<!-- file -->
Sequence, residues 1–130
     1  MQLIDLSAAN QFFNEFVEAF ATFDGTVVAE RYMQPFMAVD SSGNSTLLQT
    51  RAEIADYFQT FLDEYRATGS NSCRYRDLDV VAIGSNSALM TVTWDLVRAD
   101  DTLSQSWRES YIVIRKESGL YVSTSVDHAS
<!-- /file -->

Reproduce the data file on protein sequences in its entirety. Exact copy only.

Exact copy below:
Sequence, residues 1–130
     1  MQLIDLSAAN QFFNEFVEAF ATFDGTVVAE RYMQPFMAVD SSGNSTLLQT
    51  RAEIADYFQT FLDEYRATGS NSCRYRDLDV VAIGSNSALM TVTWDLVRAD
   101  DTLSQSWRES YIVIRKESGL YVSTSVDHAS